Artificial fortification of Nature

June 2019

One of the first GM 'decontaminations' by activists in the UK was carried out in 1999 when two field trials of 115 GM poplar trees were trashed.

The reasons given for this action were blunt:
"those who are manipulating the DNA of trees using a very powerful but dimly understood technology, show contempt for our planet and the life it supports, including human life".
Media warnings were succinct: GM trees could lead to "a silent spring in the forests of the future".

Until the activists struck, Britain was intent on becoming a world leader in GM trees.

Since then, GM trees for commercial cropping, for example 'arctic' non-browning apples and superfast growing eucalyptus for paper, plastics and biofuel production, have been under development in the UK and around the world [1].  These are intended for confined sites.

The latest GM tree venture to surface was also a British idea and is much more ominous, more contemptuous of Nature and more than ever likely to lead to a "silent spring": a GM forest tree intended specifically to spread freely through the wild.

During the first half of the 20th Century, the American chestnut tree, once a dominant species in North American forests, was decimated by a fungal blight and by logging.

Genetic engineers have created GM American chestnut trees which can limit the spread of the fungus within them and so make the infection less lethal.  The theory is simple: the blight produces an acid which breaks down the tree tissue preparatory to invasion; the GM trees have an artificial gene copied from wheat for an enzyme which denatures the fungal acid and prevents the invasion.  This tactic isn't new, the research goes back twenty years.  It's been tried and found effective in peanuts, soyabeans, canola and poplar trees, but none, it seems, have been found effective enough to be worth commercialising (yet).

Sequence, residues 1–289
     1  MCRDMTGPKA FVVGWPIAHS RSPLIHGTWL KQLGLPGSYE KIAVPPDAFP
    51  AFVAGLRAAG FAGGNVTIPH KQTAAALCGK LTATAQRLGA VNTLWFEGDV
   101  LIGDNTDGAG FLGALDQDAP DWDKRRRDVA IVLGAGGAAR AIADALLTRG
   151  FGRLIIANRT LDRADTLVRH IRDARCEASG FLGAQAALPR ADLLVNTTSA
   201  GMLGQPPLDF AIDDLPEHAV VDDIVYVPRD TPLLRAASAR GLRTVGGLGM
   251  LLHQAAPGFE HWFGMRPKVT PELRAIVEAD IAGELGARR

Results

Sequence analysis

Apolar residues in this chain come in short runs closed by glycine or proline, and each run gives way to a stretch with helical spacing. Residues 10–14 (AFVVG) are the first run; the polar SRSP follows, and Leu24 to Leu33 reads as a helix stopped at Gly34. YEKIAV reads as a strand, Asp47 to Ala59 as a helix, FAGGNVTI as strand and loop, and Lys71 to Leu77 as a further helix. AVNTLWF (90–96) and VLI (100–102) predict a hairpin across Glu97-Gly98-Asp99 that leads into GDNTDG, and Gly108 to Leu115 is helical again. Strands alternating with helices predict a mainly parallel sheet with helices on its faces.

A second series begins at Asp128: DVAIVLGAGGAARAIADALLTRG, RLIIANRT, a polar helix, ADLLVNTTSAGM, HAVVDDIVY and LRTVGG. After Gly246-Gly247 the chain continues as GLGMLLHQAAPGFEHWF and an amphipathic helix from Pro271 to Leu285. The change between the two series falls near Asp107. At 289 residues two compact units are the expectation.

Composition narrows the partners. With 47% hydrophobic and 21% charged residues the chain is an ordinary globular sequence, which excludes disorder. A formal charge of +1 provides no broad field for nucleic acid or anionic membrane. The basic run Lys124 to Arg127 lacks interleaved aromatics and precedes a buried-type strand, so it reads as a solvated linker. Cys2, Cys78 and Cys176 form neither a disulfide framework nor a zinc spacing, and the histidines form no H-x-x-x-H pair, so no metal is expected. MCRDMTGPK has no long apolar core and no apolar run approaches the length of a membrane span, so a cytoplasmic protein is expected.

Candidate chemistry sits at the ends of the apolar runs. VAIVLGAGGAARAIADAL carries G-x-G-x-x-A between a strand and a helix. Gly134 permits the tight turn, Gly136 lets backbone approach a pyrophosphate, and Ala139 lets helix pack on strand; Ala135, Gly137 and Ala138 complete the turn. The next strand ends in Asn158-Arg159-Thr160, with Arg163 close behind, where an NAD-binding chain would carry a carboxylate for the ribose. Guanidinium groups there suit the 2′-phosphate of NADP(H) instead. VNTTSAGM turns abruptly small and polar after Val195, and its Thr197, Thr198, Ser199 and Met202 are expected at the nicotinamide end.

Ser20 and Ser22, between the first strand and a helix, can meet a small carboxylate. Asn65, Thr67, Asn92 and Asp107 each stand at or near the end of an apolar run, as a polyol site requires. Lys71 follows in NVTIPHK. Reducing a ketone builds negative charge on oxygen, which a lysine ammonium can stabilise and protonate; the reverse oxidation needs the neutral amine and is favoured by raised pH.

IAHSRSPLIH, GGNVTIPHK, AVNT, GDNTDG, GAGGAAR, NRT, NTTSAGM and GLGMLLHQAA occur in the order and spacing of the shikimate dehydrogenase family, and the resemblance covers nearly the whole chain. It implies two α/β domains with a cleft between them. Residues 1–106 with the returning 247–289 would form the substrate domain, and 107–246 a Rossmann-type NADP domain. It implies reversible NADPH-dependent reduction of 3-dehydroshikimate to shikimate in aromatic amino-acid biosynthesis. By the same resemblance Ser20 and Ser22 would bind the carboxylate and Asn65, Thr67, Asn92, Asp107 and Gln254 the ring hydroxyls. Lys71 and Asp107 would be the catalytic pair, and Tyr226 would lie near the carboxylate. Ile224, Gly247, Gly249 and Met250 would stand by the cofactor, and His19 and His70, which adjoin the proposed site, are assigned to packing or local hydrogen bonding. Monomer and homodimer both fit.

If approved for release, GM American chestnut trees are intended to become a dominant species in North American forests, where they pose layer upon layer of concerns.

Trees are very big (they take up lots of space), they grow very slowly and have a very long life-span (they're around a long time); their interactions with the surrounding dynamic ecosystems (climate, air, weather, soil, plants, animals and microbes) are far-reaching, time-dependent and immensely complex.  A technique, like genetic modification, which relies on mass transformations followed by elimination of the vast numbers of failures is not practical in the case of trees. 

Little information about the inserted DNA constructs is available, but we do know that the plant pathogen, Agrobacterium, was used as the vector: this technique is known to cause unintended disruption in the structure and function of the genome.  Repeated back-crossing with non-GM strains for several generations to dilute out the unwanted changes, as can be carried out with GM crop plants, is not possible with trees.

GM trees in confined orchards or stands for fast-cropping don't have to be like their natural ancestors, but the trees proposed for re-population of, and interaction with, the North American forests are going to be very different from the old chestnut trees.